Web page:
BMO misses estimates as investment banking fees hit by slowdown


(Bloomberg) — Bank of Montreal was another victim of the slowdown in financial markets last quarter, as a slump in equity and debt issuance reduced fees for investment banks.

Capital markets revenue fell 20% to C$1.26 billion ($974 million) in the fiscal third quarter, the Toronto-based company said in a statement on Tuesday. . The overall profit missed analysts’ estimates.

Bank of Montreal, which derives a higher share of its revenue from financial markets than some Canadian banking peers, is being hit by falling stock markets which have reduced transactions such as initial public offerings and other asset sales. actions. Investment and corporate banking revenue fell 36% to C$451 million.

“On a segmented basis, capital markets mostly underperformed,” Royal Bank of Canada analyst Darko Mihelic wrote in a note to clients. “That said, BMO’s results appear consistent with the experience of its peers in financial markets.”

Net income fell 40% to C$1.37 billion, or C$1.95 per share. This figure included an after-tax loss of C$694 million generated by write-downs on interest rate swaps the bank entered into to manage the effect of rate changes between the announcement and the close of its $16.3 billion acquisition of Bank of the West. .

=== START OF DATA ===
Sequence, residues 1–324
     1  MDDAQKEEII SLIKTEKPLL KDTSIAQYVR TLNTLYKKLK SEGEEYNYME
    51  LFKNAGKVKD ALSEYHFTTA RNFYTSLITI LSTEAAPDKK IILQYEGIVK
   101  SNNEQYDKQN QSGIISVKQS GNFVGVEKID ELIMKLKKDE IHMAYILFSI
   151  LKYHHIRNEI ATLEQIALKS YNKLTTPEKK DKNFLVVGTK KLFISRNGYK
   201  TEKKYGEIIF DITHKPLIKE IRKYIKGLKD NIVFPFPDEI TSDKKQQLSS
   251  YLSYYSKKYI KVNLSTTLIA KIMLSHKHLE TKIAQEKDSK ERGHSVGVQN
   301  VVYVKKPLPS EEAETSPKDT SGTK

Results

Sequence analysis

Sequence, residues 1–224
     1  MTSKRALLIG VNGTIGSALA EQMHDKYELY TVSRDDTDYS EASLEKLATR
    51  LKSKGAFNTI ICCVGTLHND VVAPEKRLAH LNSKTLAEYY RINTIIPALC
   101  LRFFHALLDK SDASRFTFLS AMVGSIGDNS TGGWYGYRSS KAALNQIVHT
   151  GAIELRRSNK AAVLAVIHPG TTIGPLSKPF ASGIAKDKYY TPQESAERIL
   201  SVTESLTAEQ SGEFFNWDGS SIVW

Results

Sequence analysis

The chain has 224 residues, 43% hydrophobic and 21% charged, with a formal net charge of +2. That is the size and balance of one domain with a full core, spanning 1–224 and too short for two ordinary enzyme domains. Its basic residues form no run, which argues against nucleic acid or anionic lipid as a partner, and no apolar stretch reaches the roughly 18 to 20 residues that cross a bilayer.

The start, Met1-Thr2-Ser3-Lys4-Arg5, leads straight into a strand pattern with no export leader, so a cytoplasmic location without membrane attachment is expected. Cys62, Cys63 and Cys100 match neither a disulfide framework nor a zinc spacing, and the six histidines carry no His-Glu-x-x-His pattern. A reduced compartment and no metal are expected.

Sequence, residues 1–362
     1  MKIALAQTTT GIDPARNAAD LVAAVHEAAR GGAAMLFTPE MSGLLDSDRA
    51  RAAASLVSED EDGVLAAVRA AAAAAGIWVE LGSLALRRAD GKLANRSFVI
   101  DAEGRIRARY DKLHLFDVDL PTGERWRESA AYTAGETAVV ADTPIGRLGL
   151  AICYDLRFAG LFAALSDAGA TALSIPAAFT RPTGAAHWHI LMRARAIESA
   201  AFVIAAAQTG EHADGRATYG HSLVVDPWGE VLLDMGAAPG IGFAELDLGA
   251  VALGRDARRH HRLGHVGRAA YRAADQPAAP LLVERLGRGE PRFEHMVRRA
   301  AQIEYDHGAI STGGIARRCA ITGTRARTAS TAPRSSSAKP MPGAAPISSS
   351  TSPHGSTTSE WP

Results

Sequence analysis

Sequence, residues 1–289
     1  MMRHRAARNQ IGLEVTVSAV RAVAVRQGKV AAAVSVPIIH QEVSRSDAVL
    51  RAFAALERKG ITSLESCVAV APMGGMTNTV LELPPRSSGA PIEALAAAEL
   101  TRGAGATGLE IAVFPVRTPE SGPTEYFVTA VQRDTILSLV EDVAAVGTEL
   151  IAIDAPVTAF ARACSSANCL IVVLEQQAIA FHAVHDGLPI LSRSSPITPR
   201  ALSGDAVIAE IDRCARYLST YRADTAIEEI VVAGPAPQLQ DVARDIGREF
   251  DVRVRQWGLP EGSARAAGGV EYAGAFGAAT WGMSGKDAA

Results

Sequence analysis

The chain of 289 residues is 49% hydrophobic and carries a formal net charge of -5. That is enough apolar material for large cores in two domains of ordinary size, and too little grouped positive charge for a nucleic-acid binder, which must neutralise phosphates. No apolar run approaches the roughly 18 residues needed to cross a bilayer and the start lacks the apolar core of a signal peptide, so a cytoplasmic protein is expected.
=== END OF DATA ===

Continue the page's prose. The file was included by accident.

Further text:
These markdowns contributed to negative trading revenue of C$566 million on a tax equivalent basis for the quarter. Adjusted trading revenue was C$358 million, down 31% from the prior year, impacted by lower interest rates and equities.

Excluding markdowns and certain other items, earnings were C$3.09 per share. Analysts estimated C$3.15.

Bank of Montreal shares slid 2.5% to C$124.55 at 2:50 p.m. in Toronto. Stocks have fallen 8.6% this year, compared to a 12% decline for the S&P/TSX Commercial Banks Index.

Chief Financial Officer Tayfun Tuzun said while it’s too early to call a bottom for capital markets activities, the bank is seeing “positive signs” over the past four to five weeks that could be the early stages of a improvement.

“Capital market participants are slowly working to move some of the backlog, and they seem to be gaining traction with investors,” Tuzun said in an interview. “Our business activity has seen signs of stability. There aren’t necessarily a thing or two to point out, but it’s just a bit firmer compared to early summer.

The meltdown in financial markets undermined some of the benefits of stronger results from the lender’s personal and commercial banking businesses in the United States and Canada. Revenue from the US unit rose 12% to $1.23 billion, helped by an increase in commercial loans. Canadian division revenue climbed 13% to C$2.53 billion, with gains across all loan categories.

Net interest margin for all of its personal and commercial banking operations widened to 3.04% from 2.93% in the second quarter. Bank of Montreal has made provisions for credit losses of C$136 million. Analysts estimated C$179.2 million.

“We delivered robust loan growth and spread expansion that generated record revenues in our North American personal and commercial businesses, mitigating the impact of challenging market conditions on our capital markets business,” said said general manager Darryl White in a statement.

(Updates with CFO comments in the ninth and tenth paragraphs.)

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